“While most of the New York home was painted in bold colors, the client wanted a more soothing, calm space for the master bedroom,” says Alexander Doherty. “Even the subtle, pale colors of the rug and blanket were carefully selected to match the room.”
Aside from the bed, all the furnishings are vintage, including the Poul Henningsen chandelier, the Ejner Larsen desk and chair and the gold-hued Pietro Chiesa table lamp, which infuses the tranquil space with a dose of glamour.
Eclectic may best sum up Wendy Haworth’s design for a 1990s Mediterranean-style home in the Brentwood neighborhood of Los Angeles, whose clean, sharp architecture she counterbalanced with more mellow furnishings. In the living room, she placed an antique Chinese room divider and vintage pieces like the glass coffee table and brass side table, with a Jean de Merry leather armchair adding warmth.
“The intent,” says Sienna Oosterhouse, describing her scheme for a Mill Valley, California, home, “was to refresh this living space with a few facets leaning toward the more traditional elements alongside the modern.”
The designer deployed a palette of soothing neutrals, including the pale gray of the Marc Phillips rug, the creamy beige of the Lawson-Fenning daybed and the chocolate brown of the deep sofa. She offset the soft lines of those pieces with the stark geometry of Rick Owens’s über-contemporary Swan chair.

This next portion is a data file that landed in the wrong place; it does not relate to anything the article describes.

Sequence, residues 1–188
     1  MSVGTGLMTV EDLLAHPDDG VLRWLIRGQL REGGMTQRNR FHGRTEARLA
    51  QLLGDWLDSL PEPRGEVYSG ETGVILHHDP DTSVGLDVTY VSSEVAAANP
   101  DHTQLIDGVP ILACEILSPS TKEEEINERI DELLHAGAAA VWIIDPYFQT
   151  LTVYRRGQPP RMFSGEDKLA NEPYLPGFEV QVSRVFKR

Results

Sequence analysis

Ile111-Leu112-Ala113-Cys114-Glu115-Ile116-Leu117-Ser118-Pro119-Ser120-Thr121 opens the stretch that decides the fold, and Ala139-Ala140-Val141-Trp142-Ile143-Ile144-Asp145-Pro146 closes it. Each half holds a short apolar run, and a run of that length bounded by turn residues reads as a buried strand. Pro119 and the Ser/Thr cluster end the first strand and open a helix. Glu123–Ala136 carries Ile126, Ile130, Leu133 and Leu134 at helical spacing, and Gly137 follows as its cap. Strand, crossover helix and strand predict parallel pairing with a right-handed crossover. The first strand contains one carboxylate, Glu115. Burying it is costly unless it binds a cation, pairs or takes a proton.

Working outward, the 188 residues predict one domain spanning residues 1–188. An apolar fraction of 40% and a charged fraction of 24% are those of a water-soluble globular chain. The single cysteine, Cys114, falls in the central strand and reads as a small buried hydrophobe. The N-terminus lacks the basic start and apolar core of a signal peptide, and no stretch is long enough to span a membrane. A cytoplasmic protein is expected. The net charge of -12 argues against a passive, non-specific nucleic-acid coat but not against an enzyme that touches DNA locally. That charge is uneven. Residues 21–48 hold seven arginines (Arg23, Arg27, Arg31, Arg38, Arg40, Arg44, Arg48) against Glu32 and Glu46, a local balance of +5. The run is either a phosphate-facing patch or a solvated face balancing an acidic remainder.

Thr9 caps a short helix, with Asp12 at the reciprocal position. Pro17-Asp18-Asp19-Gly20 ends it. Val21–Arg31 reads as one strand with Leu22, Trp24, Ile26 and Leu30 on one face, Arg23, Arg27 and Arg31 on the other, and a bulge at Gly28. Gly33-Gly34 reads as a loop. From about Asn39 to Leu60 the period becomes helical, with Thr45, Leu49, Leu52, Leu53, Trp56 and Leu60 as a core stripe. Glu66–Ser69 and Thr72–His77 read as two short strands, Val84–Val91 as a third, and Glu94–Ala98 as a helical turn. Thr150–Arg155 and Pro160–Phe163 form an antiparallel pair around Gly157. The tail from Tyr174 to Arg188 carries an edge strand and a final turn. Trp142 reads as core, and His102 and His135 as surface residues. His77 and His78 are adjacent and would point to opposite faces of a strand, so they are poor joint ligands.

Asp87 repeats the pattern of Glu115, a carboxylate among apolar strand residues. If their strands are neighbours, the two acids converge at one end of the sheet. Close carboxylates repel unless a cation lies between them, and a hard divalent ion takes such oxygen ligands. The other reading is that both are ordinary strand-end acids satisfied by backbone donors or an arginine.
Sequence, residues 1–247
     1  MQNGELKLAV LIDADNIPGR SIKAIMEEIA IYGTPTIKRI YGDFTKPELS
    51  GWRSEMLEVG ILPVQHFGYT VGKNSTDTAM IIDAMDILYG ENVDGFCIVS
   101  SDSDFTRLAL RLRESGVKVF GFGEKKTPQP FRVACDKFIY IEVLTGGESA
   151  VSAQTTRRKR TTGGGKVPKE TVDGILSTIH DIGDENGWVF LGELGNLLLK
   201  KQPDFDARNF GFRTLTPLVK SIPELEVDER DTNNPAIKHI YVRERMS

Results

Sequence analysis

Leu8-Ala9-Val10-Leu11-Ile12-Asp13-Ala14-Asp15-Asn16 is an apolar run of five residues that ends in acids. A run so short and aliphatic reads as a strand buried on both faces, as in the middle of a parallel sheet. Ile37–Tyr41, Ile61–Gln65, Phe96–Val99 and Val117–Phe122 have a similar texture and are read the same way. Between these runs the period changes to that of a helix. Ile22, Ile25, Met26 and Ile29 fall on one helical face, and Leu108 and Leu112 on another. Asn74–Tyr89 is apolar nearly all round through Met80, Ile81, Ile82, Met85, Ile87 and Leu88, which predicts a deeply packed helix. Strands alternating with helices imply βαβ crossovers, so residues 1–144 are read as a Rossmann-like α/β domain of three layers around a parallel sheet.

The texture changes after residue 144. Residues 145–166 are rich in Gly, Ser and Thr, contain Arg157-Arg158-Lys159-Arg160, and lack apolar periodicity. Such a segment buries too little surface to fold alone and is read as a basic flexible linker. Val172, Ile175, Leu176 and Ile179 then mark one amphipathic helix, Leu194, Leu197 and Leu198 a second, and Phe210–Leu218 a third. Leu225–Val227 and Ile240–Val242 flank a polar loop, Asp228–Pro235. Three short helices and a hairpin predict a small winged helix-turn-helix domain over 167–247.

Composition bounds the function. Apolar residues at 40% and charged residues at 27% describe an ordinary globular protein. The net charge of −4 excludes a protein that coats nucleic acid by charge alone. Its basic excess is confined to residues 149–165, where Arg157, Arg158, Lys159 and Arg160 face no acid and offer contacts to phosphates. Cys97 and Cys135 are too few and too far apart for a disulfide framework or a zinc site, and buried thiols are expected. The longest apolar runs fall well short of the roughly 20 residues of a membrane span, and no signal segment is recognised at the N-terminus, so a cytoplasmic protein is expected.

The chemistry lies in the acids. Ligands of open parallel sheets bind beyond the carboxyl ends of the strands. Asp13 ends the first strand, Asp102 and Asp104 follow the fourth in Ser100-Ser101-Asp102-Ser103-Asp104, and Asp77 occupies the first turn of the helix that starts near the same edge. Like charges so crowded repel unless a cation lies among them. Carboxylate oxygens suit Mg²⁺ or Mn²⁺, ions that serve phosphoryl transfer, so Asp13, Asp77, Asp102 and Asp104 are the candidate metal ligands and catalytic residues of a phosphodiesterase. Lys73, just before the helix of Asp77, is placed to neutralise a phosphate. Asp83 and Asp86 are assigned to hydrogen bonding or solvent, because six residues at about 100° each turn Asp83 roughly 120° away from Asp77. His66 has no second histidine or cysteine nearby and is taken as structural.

In a Spanish Revival home overlooking the Pacific in La Jolla, Califonia, Interior Design Imports principal designer Paul Schatz wanted the master bedroom to have a Mexican flavor, though with a muted palette. So, he and the homeowners traveled to San Miguel de Allende to pick out the bed and nightstands. The chaise came from Mexico City.
The theme continues with the daybed by Alfonso Marina. As for the flush mount, “we designed and fabricated it, as we do most of our decorative lighting,” says Schatz.
Interior designers often try out decor ideas in their own homes. And that’s just what Wendy Labrum did with the first apartment she and her husband shared as a young married couple in Chicago. Case in point: the living room, where she experimented with creating an inviting ambience using neutral colors and a mélange of old and contemporary pieces.
“It was fun to decorate it with pieces I picked up on our travels and combine them with inexpensive retail finds,” she says. The starburst mirrors are antiques, the cane-back chairs are from her London flat, and she bought the lithographs at a flea market in Madrid.
Sometimes, less is more, as John Levitties, of JAGR Projects, will be the first to tell you. This library of a 1930s Philadelphia home, he says, “is pretty much as we first encountered it, though the millwork was removed and restored and the grasscloth behind the shelves was added.”
That said, Levitties still had some magic to work. For example, he paired a Jacques Adnet sofa and chairs with a custom forged-iron table that presents a dark counterpoint to the generally light decor. And to overlook the space, an attention-grabbing Donald Camp photograph of a Million Man March participant from 1995.
Christiane Duncan’s brief for an apartment in a former Tribeca factory: Preserve the raw, industrial elements, while giving it a serious facelift. “We worked with a neutral palette, warm materials and original vintage pieces,” she explains, “to lighten up the rooms and create a casual yet sophisticated environment.”